Historical archive

Metals and mining company excluded from the investment universe of the Norwegian Government Pension Fund - Global

Historical archive

Published under: Stoltenberg's 2nd Government

Publisher Ministry of Finance

The Ministry of Finance has excluded the British company Vedanta Resources Plc. from the investment universe of the Norwegian Government Pension Fund – Global, based on a recommendation from the Council on Ethics for the Fund.

The Ministry of Finance has excluded the British company Vedanta Resources Plc (Vedanta) from the investment universe of the Norwegian Government Pension Fund – Global, based on a recommendation from the Council on Ethics for the Fund.

According to the Council on Ethics the Fund runs an unacceptable risk of contributing to severe environmental damages and serious or systematic violations of human rights by continuing to invest in the company.

- Excluding a company from the Fund is an expression of not wanting to contribute to grossly unethical practices. The Council on Ethics has concluded that Vedanta causes serious damages to people and the environment as a direct consequence of their activities in India. Norges Bank does not regard the exercise of ownership rights as a tool by which Vedanta’s behaviour can be influenced in a positive direction. We cannot hold shares in such a company, says Minister of Finance Kristin Halvorsen.

Vedanta is a British metals- and mining company. Its core business is linked to mining and production of copper, aluminium, and zinc in India. The Council on Ethics has examined four Vedanta subsidiaries that operate in India: Sterlite Industries, Madras Aluminium Company, Bharat Aluminium Company, and Vedanta Alumina. Vedanta holds a majority share in all these companies.

The Council has assessed the risk of the Fund’s contributing to two breaches of the Ethical Guidelines, through its investment in Vedanta Resources. These are: severe environmental damage and serious or systematic human rights violations.

According to the Council’s assessment: …the allegations levelled at the company regarding environmental damage and complicity in human rights violations, including abuse and forced eviction of tribal peoples, are well founded. In the Council’s view the company seems to be lacking the interest and will to do anything about the severe and lasting damage that its activities inflict on people and the environment. As described in Chapter 5, the violations against the environment and human rights that have been revealed are recurrent at all the subsidiaries subject to investigation and have taken place over many years. In the Council’s view, they indicate a pattern in the company’s practices where such violations are accepted and make up an established part of its business activities. Such a pattern of conduct constitutes an unacceptable risk that the company’s unethical practices will continue in the future. After an overall assessment the Council finds that the criteria for severe environmental damage and gross or systematic human rights violations have been met in this case.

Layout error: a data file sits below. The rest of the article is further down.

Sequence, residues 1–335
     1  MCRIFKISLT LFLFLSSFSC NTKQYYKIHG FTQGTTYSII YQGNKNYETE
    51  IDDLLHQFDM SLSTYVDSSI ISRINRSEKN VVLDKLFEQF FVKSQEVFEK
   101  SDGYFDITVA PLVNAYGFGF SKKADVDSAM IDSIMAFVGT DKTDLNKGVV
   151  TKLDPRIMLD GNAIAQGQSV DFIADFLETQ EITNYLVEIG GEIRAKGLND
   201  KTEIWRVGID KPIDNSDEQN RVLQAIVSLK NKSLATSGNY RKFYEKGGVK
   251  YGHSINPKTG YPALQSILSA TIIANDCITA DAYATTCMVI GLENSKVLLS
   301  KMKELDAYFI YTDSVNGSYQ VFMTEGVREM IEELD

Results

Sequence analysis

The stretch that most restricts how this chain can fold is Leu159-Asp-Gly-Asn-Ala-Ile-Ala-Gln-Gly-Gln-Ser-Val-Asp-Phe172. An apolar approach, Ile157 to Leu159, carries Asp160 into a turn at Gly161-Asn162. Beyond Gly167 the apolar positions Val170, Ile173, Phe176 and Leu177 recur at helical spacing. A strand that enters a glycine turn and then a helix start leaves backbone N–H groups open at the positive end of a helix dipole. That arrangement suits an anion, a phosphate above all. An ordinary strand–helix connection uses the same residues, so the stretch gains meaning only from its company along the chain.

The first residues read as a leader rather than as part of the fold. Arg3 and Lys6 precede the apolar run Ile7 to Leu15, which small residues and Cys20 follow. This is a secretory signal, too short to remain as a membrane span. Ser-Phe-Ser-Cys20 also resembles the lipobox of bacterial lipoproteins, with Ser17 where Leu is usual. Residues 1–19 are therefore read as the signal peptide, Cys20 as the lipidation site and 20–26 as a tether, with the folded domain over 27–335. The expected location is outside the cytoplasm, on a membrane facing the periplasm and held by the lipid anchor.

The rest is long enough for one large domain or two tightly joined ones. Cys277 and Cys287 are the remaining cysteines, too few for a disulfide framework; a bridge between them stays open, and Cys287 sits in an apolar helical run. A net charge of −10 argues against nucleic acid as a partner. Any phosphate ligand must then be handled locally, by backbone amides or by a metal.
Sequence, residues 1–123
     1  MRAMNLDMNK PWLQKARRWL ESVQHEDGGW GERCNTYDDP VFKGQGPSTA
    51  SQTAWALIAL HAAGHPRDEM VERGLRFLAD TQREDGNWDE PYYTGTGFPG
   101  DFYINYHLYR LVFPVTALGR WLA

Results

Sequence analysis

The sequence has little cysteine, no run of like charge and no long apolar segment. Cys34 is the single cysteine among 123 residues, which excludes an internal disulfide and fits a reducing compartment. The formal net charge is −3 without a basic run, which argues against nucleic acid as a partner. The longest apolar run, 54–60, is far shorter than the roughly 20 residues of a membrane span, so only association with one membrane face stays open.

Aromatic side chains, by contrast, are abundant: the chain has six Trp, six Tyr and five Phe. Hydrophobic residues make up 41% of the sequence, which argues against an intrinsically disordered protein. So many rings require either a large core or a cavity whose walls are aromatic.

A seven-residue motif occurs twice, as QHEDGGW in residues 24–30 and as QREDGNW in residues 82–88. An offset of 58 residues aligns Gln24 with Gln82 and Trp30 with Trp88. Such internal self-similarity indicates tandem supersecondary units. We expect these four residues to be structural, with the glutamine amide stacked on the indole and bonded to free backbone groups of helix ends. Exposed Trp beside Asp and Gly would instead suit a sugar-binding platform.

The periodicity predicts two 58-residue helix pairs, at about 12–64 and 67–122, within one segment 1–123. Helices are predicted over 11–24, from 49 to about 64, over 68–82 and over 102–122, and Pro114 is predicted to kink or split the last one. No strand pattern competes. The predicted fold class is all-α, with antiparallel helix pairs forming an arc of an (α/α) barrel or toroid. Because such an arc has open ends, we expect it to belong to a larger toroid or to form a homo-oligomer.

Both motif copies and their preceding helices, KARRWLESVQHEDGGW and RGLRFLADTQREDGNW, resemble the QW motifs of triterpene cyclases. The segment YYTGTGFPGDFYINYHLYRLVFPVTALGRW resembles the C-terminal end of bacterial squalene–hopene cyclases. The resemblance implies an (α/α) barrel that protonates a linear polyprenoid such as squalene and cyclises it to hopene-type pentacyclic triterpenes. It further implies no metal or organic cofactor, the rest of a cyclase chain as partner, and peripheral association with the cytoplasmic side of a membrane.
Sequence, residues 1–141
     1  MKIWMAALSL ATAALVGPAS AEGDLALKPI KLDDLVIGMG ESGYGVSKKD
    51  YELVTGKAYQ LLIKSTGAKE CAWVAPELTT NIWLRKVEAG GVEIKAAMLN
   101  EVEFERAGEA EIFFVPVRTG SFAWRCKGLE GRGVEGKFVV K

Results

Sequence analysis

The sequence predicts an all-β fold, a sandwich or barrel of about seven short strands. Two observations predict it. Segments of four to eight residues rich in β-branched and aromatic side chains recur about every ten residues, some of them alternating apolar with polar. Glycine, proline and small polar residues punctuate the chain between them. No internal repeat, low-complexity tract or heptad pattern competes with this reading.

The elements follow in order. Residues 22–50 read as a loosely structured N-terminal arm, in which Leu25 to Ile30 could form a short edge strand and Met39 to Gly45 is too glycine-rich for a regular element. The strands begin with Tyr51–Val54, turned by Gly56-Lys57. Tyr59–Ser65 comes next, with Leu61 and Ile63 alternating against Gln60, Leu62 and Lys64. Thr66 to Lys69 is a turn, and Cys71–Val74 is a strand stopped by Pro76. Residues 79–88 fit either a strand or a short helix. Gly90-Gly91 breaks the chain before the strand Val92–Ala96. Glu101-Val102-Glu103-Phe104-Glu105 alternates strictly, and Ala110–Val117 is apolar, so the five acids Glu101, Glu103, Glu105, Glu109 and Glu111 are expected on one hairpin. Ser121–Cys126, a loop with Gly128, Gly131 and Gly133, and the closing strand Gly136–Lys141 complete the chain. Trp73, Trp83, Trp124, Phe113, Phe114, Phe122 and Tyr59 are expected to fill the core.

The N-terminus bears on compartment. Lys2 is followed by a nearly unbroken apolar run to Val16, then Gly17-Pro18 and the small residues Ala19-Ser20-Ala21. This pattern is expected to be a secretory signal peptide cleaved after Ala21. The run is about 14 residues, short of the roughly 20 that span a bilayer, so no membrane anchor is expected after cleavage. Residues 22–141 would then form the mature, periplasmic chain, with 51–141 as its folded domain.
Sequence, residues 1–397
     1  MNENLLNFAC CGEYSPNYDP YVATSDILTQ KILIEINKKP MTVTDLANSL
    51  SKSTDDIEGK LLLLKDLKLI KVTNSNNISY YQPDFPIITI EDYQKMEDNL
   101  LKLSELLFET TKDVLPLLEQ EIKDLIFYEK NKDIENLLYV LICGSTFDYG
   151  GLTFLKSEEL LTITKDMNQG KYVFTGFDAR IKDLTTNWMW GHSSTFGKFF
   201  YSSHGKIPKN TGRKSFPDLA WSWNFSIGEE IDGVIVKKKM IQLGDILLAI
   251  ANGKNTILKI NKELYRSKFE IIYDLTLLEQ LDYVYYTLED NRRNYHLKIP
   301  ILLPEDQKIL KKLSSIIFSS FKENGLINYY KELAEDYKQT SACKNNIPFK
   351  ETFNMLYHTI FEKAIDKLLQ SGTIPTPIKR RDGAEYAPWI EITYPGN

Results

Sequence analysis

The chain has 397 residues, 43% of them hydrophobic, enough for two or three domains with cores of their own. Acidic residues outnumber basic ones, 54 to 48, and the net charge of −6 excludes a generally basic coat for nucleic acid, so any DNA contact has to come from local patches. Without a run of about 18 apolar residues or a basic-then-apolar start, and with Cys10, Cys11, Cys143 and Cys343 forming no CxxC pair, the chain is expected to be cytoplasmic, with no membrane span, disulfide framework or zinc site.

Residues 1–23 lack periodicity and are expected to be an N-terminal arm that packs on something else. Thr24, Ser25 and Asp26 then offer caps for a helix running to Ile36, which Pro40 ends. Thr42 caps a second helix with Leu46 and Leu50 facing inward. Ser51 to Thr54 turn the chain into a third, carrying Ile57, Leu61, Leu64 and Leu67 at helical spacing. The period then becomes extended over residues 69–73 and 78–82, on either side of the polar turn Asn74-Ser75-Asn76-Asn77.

The Council’s recommendation is based on surveys and investigations conducted or commissioned by Indian authorities, reports from national and international non-governmental organisations, articles in Indian and international newspapers, and documentaries. In addition to this, the Council has commissioned its own reports and studies by external Norwegian, British, and Indian consultants. Furthermore, the Council has gained access to letters and orders from Indian authorities to the company.

Active ownership may in some cases be suitable as a means of influencing companies for the purpose of redusing the risk of contribution to unethical activities. Responsibility for exercising ownership rights for the Fund lies with Norges Bank (Norway’s Central Bank). The Ministry of Finance has asked Norges Bank whether active ownership vis-à-vis Vedanta may lead to better behaviour on its part. In a letter dated 15 June 2007, Norges Bank states that they have not been in direct contact with either Vedanta’s management or board, or had any separate sources of information about the company. The bank’s assessment is therefore primarily based on the recommendation from the Council on Ethics, and Council’s own sources. Against this background, the bank perceives no imminent possibility of influencing the company through active ownership. Norges Bank does not have concrete plans at this time of entering into a dialogue with this particular company, considering that the aspects dealt with in the recommendation do not fall within the key areas that the bank has committed to pursuing through active ownership, and seeing that ownership in the company is minor.

Based on the reccomendation from the Council on Ethics and the assessment done by Norges Bank [as to the possibility of exercising ownership rights], the Ministry of Finance has decided to exclude Vedanta from the Fund’s investment universe pursuant to the Fund’s Ethical Guidelines. The Ministry has also decided to exclude Vedanta’s two listed subsidiaries; Sterlite Industries Ltd and Madras Aluminium Company Ltd from the investment universe. The Fund held no shares in these two companies at the time when the Ministry of Finance received the recommendation from the Council on Ethics.

The Ministry of Finance requested Norges Bank by letter of 28 August to divest from Vedanta by the end of October 2007. The divestment process is now concluded. As of 30 April 2007, the Government Pension Fund – Global held shares in Vedanta valued at about NOK 70 million. The publication of the decision has been deferred to ensure an appropriate divestment process.

Find the recommendation of the Council on Ethics here

Read more about the Council on Ethics

List of companies excluded from the investment universe